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India-A hotbed for news channels

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“To improve is to change, to be perfect is to change often.” This quote from Winston Churchill is in my opinion the best way to describe 2013 for the Indian television market scenario and BBC Global News, the parent company of BBC World News and bbc.com.

Let’s first take a broad look at the changes in the Indian market.  While regulation forced the industry to adopt digitisation, it is commendable that the industry responded and today MSOs have had around 70 to 80 per cent success in seeding STBs in phase I and phase II. Digitisation has happened and is progressing – but at the moment that is only the technical side. Addressability remains a concern. But large changes such as this in markets as humongous and diverse as India are bound to take time. Our outlook is positive and we are hoping that once business models start to take shape, this change will be positive for all stakeholders. But there is no doubt that traditional models are being disrupted. The cable industry will have to look at differentiation, quality of service and value added services to drive revenue growth. The capacity constraint that drove carriage revenues is likely to moderate with digitization. There is demand for niche content. New launches are happening in the super-niche format. The demand for Pay-TV is growing with increase in the availability of premium content. Consumers are willing to pay for HD content. Cable operators have also started offering HD-enabled STBs.

The other major change is the pattern of consumption of content. Viewing has become personal with the consumer demanding and expecting flexibility in terms of timing, volume of content consumed and place of consumption. Increasing mobile & broadband penetrations and affordability of smarter devices are offering alternative digital distribution platforms. Consumption of live TV on-the-go and catch up TV is on the rise.  All these are very positive changes that signal well for the robust growth of the industry.

It has also been a year of evolution for BBC Global News. We moved into state of the art brand new studios in the heart of Central London in what is easily the world’s largest and most advanced newsroom. Both in anticipation and in response to audience trends, we have successfully converged our news operations to deliver the best multimedia, multi platform international news. Our improved look on TV, our website, our apps – all these make for a greatly enhanced experience for the consumer. Our new brand campaign ‘Live the Story’ is not just an advertising tool, it is an ethos for the way we approach content and we want to reinforce that message in the market. It is in recognition of this ethos that World News America received an Emmy award for “Best continuing coverage of a news story” for Ian Pannell and Paul Wood’s reports from Syria. And among our many editorial highlights was the 100 women season with Mishal Husain’s exclusive interview with Malala featuring not just on BBC World News but across all BBC platforms domestic and international. Indeed one of the catalysts for 100 Women was the Delhi gang rape attack in December last year.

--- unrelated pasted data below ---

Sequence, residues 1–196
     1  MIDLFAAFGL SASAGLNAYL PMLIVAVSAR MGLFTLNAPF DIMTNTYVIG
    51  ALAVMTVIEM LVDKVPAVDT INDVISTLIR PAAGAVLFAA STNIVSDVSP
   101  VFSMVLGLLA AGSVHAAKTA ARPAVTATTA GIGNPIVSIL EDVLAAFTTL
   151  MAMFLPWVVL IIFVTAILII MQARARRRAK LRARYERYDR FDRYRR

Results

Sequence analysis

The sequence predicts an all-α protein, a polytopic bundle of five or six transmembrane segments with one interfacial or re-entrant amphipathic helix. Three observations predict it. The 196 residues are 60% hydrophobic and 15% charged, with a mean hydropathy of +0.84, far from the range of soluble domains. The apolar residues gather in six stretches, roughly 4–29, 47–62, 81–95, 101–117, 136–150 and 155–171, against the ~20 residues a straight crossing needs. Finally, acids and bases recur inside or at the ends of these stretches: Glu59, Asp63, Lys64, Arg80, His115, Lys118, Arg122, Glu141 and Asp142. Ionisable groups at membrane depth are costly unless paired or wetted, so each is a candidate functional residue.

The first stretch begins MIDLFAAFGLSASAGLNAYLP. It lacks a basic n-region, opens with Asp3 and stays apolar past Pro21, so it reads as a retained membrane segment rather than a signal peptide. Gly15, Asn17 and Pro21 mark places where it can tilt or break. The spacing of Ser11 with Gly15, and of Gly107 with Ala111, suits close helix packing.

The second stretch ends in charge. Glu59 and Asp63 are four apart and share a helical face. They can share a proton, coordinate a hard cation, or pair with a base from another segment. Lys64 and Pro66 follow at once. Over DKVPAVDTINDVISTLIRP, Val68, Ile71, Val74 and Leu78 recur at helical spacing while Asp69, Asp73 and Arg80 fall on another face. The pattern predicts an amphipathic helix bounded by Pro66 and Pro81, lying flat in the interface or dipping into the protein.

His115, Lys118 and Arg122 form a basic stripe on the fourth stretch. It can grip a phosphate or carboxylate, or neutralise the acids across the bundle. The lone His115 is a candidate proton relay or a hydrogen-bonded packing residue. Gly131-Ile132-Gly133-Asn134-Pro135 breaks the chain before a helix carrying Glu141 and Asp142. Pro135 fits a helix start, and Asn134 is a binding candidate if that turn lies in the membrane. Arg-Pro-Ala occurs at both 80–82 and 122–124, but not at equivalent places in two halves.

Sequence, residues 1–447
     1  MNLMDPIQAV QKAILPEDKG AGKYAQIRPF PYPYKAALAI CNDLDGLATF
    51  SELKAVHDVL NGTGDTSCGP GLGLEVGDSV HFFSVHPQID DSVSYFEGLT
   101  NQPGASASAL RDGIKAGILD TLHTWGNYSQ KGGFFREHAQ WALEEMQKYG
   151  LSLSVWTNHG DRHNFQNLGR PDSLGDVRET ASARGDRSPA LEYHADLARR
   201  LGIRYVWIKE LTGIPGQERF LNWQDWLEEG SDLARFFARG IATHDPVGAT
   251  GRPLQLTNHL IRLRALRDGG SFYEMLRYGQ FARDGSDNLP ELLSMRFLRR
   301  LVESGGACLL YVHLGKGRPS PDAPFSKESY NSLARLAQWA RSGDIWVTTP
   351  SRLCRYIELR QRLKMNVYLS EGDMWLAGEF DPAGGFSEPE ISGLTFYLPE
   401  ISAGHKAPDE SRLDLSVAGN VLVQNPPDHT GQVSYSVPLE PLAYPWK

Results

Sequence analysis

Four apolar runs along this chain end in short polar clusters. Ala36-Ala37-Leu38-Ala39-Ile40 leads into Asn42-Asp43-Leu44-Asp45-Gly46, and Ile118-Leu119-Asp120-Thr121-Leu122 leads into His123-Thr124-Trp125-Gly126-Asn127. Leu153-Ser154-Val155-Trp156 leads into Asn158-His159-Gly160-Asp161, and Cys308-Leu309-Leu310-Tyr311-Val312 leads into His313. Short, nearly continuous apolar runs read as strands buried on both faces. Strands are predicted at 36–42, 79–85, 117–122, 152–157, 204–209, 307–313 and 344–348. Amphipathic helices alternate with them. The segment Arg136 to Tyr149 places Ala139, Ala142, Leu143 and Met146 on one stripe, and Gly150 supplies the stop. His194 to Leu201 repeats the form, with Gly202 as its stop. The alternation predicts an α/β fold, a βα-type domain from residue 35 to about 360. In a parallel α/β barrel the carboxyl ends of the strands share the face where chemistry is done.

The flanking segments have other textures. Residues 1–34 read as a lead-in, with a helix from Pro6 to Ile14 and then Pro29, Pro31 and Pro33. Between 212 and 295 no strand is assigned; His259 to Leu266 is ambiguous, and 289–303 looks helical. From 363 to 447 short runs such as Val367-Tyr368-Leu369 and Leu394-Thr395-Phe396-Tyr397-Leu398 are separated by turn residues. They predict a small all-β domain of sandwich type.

It is great to see the audience responding to us. In India, BBC World News has maintained its status as the leading international English news channel among the country’s affluent, influential opinion leaders, business decision makers and frequent international travellers, according to the latest Ipsos PAX survey. BBC World News also beats India's domestic news channels to take the number one spot amongst the highly desirable, upscale audience.  BBC Global News, including BBC World News and bbc.com is the only news brand across TV, online and mobile to show quarter on quarter growth. Social media is equally important for us to improve our engagement and we continue to achieve important audience milestones on Twitter. @bbcworld now has more than 5 million followers and @bbcbreaking has passed the 8 million follower mark.

As economics and politics in India become even more interesting with the country entering election mode, we have just announced a season of programmes focusing on India to air in February 2014. India Direct will delve behind the headlines to bring audiences insight on our country as we strive to be significant player on the global stage. The India Direct season will give BBC audiences around the world the opportunity to see everyday life in India. Through programmes like Fast TrackOne Square Mile and Working Lives, the BBC's unrivalled network of journalists explore the issues faced by people here – from the economic opportunities and challenges to living life at every level of society; from its traditions and history to future plans and innovations.  We are looking forward to what promises to be a really insightful coverage of India. We also hope to bring an international perspective to the coverage of the elections. As the world focuses on India, our journalists will also showcase India to the rest of the world with our global coverage.

The world of media and journalism is very dynamic and India is a vibrant market. We believe that the changes in the media landscape are all positive; we ourselves are steadily progressing in tandem with global trends and certainly have a very positive outlook for India. We believe that the market respects and appreciates our content and that our ability to provide superior international news content on multiple platforms will differentiate us and keep us growing.

(Preet Dhupar is BBC Global News COO for India. The views expressed in the above article are the author's personal views)

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